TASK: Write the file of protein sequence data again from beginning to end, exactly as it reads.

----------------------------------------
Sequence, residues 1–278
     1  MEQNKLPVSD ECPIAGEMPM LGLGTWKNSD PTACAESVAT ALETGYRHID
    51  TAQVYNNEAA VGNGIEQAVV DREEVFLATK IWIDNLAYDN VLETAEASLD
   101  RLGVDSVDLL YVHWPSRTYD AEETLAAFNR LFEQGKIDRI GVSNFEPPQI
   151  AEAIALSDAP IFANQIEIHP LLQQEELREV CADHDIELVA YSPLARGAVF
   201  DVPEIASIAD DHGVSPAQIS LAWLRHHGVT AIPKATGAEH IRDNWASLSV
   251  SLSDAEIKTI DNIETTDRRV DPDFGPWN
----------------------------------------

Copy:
Sequence, residues 1–278
     1  MEQNKLPVSD ECPIAGEMPM LGLGTWKNSD PTACAESVAT ALETGYRHID
    51  TAQVYNNEAA VGNGIEQAVV DREEVFLATK IWIDNLAYDN VLETAEASLD
   101  RLGVDSVDLL YVHWPSRTYD AEETLAAFNR LFEQGKIDRI GVSNFEPPQI
   151  AEAIALSDAP IFANQIEIHP LLQQEELREV CADHDIELVA YSPLARGAVF
   201  DVPEIASIAD DHGVSPAQIS LAWLRHHGVT AIPKATGAEH IRDNWASLSV
   251  SLSDAEIKTI DNIETTDRRV DPDFGPWN